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Adoption of Abiraterone and Enzalutamide by Urologists.
Caram MEV, Kaufman SR, Modi PK, Herrel L, Oerline M, Ross R, Skolarus TA, Hollenbeck BK, Shahinian V. Adoption of Abiraterone and Enzalutamide by Urologists. Urology. 2019 Sep 1; 131:176-183.
To investigate the adoption of abiraterone and enzalutamide by urologists. Abiraterone and enzalutamide are oral therapies approved for the treatment of metastatic castration-resistant prostate cancer, a disease most commonly treated by medical oncologists.
Using the Medicare Part D Public Use Files from 2013 to 2016, we identified total abiraterone and enzalutamide prescriptions 2013-2016 and urologists who prescribed moderate to high volumes of these drugs. We then characterized the urologist practices of those urologists according to practice context (eg, single-specialty group) using data from the Centers for Medicare and Medicaid Services, and the geographic distribution of those providers.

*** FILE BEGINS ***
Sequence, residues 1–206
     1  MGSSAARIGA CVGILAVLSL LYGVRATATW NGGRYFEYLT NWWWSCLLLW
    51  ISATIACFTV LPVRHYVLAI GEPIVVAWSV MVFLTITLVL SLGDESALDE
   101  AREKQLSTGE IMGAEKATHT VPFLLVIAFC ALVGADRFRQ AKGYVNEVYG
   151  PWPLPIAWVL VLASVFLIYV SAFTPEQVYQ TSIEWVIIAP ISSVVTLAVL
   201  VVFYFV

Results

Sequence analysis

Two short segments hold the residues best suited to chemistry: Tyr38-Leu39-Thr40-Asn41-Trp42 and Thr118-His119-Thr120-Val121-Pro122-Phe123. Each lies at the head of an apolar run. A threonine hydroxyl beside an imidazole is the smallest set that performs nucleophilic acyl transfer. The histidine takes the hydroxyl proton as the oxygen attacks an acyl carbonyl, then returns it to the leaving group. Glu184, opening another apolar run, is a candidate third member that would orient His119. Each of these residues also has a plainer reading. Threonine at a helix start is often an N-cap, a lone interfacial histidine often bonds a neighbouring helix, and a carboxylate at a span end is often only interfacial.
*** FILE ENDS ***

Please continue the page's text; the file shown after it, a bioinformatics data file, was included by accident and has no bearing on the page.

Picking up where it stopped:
We found abiraterone prescriptions increased from 71,423 in 2013 to a peak of 100,371 in 2015 and enzalutamide prescriptions continued to increase from 29,572 in 2013 to 100,980 in 2016. Prescriptions by urologists increased between 2013 and 2016 while prescriptions by other specialties plateaued. The number of moderate-high prescribing urologists increased from 98 (abiraterone) and 22 (enzalutamide) in 2013, to 301 (abiraterone) and 671 (enzalutamide) by 2016 with 1063 unique urologists prescribing moderate-high volumes of either drug between 2013 and 2016. Among urologists who prescribe androgen deprivation therapy, 5% were moderate-high prescribers of abiraterone and 12% of enzalutamide in 2016. The majority of moderate-high prescribing urologists were in single-specialty groups (70%).
Urologists are increasingly prescribing oral therapies for metastatic castration-resistant prostate cancer. Understanding the distribution of urologists specializing in castration-resistant prostate cancer therapeutics will help guide future interventions to optimize the care for this important patient population.